I've had Mormons challenge me and say I need to read the BoM, pray about it, and get an inner witness as to its truthfulness. I tell them, "Why would I do that when I already know it's a bogus book?" They contend that a person can't know it's bogus unless it's read and prayed about. I close by telling them, "If I know that the god of Mormonism is false and I know that Joseph Smith was an occultist, why in the world would I read his book and pray about it?" The point is, I can exercise common sense and spiritual discernment and accept or reject things as I wish. Mormons don't have that option. They've bought the program, now they're stuck with it!

  48. LDS Anarchist

    Hello and welcome.

    Care to expand on your argument?

    If you've got something to say, please say it. You never know; we might actually benefit from it.

  49. Query,

    In a quick scan over the NT, I see several different authors address the issue of angels. Of course, the Gospels include angels and demons in their respective narratives, but we see a fair amount of theologising by the Hebrews and Jude in particular. These two latter texts seem to be particularly concerned that the primitive Christian Church should not get preoccupied with angels, angelic visitations and what may or may not be happening in the "heavenly realms". Hebrews and Jude seem to be written, in part at least, as a reaction against a fascination with the angelic.

    What's curious is the way Hebrews and Jude tackle the subject. They don't say "angelic visitations outside our in-group must be bogus". What they do say is that the angelic experience is part of the human religious experience (and not necessarily the "right" religion), but it's not what's important.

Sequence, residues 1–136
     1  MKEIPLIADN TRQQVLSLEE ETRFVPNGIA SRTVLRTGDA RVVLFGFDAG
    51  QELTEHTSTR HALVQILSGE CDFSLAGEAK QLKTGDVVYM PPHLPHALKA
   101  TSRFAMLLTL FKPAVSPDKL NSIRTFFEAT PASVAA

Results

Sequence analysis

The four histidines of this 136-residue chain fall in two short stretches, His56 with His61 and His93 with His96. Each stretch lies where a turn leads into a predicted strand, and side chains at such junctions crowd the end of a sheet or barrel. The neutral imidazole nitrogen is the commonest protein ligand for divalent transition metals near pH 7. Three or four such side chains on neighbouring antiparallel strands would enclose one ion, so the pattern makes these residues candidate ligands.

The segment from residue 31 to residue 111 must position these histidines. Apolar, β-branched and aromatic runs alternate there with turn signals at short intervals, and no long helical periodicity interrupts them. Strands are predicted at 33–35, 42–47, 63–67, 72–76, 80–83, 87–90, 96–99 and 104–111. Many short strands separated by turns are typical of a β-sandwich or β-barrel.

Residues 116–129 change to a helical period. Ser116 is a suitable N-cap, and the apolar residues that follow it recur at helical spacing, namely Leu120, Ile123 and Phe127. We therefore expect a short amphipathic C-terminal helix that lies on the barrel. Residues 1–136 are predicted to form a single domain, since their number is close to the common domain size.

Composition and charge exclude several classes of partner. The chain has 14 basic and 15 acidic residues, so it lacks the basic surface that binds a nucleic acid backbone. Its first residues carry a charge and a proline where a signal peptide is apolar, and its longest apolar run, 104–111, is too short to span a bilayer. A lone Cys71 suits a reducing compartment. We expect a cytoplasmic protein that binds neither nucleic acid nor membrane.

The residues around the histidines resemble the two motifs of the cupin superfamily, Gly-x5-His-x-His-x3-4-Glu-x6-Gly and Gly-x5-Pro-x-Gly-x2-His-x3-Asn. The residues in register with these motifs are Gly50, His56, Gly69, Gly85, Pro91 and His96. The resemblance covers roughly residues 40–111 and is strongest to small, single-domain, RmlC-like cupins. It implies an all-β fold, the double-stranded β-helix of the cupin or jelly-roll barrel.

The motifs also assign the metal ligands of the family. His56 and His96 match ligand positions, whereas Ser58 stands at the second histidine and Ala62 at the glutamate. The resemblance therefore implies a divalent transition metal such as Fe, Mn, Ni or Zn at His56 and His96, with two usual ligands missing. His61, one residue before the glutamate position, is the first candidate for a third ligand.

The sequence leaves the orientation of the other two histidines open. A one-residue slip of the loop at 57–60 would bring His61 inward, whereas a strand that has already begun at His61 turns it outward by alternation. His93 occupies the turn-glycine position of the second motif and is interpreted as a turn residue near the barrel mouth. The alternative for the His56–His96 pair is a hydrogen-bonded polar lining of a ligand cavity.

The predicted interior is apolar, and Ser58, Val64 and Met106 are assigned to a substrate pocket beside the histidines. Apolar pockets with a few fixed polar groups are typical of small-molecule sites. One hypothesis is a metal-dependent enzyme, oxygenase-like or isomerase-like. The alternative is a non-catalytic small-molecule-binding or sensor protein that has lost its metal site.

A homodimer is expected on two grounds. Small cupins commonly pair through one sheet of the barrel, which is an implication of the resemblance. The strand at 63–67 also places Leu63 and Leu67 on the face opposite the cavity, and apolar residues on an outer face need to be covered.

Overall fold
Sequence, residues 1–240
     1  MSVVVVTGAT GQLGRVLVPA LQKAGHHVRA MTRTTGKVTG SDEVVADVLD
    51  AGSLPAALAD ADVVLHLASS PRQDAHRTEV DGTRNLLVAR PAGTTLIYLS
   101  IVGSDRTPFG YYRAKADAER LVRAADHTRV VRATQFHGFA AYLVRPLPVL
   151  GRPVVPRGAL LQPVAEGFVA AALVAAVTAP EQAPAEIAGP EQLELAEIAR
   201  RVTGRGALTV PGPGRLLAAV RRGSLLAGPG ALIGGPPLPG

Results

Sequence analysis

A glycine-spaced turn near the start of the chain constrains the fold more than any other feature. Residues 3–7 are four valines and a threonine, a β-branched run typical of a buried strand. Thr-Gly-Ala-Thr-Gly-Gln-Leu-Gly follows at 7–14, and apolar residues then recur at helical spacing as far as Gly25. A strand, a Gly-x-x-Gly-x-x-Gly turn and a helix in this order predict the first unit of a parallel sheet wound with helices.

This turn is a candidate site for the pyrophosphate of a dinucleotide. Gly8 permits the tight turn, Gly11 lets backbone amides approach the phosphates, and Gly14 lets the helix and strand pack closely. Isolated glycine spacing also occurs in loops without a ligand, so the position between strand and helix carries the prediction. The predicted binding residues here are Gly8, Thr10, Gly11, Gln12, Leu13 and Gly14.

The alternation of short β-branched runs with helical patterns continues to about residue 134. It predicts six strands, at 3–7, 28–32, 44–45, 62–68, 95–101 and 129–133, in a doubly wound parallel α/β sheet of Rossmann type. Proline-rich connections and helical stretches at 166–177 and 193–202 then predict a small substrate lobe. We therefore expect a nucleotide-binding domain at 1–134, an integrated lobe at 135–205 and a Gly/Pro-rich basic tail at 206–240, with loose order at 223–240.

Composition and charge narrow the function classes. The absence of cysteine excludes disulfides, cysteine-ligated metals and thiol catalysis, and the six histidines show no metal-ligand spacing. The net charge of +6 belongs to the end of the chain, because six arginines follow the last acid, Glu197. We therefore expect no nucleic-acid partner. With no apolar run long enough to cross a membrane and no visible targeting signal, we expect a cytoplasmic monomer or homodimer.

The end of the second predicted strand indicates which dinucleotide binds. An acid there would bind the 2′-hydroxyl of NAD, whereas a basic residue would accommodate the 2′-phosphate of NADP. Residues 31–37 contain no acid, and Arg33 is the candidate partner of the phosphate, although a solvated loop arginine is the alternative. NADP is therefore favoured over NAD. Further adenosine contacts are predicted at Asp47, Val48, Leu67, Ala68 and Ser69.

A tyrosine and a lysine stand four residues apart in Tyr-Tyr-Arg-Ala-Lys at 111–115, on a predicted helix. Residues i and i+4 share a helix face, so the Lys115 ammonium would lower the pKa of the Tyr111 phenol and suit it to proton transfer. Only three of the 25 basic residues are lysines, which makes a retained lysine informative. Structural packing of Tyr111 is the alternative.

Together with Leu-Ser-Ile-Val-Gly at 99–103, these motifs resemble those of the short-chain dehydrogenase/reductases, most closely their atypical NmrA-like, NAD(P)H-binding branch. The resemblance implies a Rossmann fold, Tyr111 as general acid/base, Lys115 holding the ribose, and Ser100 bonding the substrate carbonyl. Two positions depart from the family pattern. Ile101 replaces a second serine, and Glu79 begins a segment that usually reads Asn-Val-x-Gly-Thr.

If I read these authors correctly, it seems that angels facilitate the story, but they are not the focus of the story. The real focus is Jesus, and our relationship with him, hence the quote from Psalm 8:4-6 and the anecdote in Jude 9.

    This got me thinking; why would Hebrews and Jude devote so much precious text in correcting an imbalance in the primitive Church?

    Could it be because the Temple-Building Movement (the Jews who were opposed to Jesus' esoteric and metaphorical interpretation of OT expectations) were full of their own (alleged) angelic connections? In other words, they were saying "we have the Temple and we get our legitimacy from our plentiful angelic visitations – this proves we are right". The Christian's response was not "we've got better angelic visitations", but "we understand what the angelic realm is pointing to, which is the Christ of God".

    For example. the whole thrust of John's Revelations is not which angel does what and when, but that the whole thing is directed by the LORD of Hosts to bring His Son into intimate, exclusive union with His Church (the imagery of the Wedding Feast of the Lamb, see Rev 22:17 and the following concluding verses). In case there's any doubt, note that John opens with the words "The revelation of Jesus Christ…" (Rev 1:1).